Forgot Password

As Zimbabwe’s economy collapses, traditional healers are selling wealth advice on TikTok

Locally known as sangomas, spiritual guides are gaining fame online, but they face criticism from their peers.

  • As Zimbabwe’s economy worsens, traditional healers have built a business out of promising people wealth and financial freedom.
  • Many have moved their services online, predominantly on TikTok.
  • Critics argue that they exploit spirituality for profit, raising ethical concerns.
Sitting on a couch and speaking into her phone camera, Gogo Shumba carefully outlined step-by-step instructions: Take a 10-rand note — “the green one” — and a handful of salt. Dip it in water for three days. Then, dry out the note and keep it in your wallet.

“Your money problems will be taken care of,” she concluded.

Shumba, 36, was addressing viewers who had joined her TikTok livestream to learn how to get rich. The Zimbabwean traditional healer, or sangoma in the local dialect, has been giving spiritual advice on TikTok for nearly two years, and has around 31,000 followers on the Chinese social media platform.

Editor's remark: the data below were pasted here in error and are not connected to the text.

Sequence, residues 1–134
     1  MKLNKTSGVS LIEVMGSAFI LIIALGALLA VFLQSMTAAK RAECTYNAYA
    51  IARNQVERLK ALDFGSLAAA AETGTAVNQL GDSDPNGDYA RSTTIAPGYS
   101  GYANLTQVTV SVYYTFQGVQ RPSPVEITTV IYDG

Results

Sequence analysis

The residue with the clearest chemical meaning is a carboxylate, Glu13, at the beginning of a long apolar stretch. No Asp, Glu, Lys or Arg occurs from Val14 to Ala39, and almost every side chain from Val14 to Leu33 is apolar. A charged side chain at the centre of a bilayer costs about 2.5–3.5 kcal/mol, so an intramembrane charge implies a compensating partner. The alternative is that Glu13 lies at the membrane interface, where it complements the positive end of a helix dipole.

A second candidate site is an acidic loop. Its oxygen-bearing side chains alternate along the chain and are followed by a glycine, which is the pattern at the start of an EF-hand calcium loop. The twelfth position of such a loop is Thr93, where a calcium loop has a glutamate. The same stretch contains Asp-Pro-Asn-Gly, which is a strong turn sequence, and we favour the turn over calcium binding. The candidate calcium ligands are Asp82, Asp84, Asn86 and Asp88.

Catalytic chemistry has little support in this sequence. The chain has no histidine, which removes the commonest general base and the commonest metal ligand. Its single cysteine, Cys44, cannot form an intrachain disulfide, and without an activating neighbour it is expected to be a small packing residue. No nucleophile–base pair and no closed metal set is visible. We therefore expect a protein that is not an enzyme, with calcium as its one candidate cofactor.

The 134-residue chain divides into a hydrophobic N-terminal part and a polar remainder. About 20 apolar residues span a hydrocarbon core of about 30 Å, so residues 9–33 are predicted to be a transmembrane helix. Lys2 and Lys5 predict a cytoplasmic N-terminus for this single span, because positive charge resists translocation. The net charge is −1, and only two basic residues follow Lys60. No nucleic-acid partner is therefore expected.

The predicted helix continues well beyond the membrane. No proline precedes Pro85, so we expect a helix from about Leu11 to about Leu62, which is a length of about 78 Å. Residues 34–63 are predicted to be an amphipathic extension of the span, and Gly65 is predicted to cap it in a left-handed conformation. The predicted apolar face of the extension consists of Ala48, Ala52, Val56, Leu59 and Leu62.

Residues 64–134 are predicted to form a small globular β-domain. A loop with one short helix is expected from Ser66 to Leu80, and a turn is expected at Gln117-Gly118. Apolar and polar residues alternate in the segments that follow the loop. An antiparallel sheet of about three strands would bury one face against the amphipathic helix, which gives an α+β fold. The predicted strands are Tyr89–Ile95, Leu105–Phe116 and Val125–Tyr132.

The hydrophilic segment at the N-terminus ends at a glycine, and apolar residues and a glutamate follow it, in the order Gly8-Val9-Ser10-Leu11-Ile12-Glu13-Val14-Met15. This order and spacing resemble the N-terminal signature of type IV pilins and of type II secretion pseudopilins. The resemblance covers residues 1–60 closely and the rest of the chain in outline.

Traditional healer from Zimbabwe makes people rich” has become a popular content category on TikTok, and Shumba is one of the many sangomas offering spiritual guidance and special prayers to their followers. While such services have been part of Zimbabwe’s culture for centuries, TikTok has helped traditional healers find a global audience. Some of their most active followers are from other African countries, as well as the U.S. and the U.K. As they advise people on TikTok about how to get rich, the platform has helped the sangomas improve their financial conditions. In their community, however, TikTok sangomas are often looked down upon and face opposition from more orthodox peers.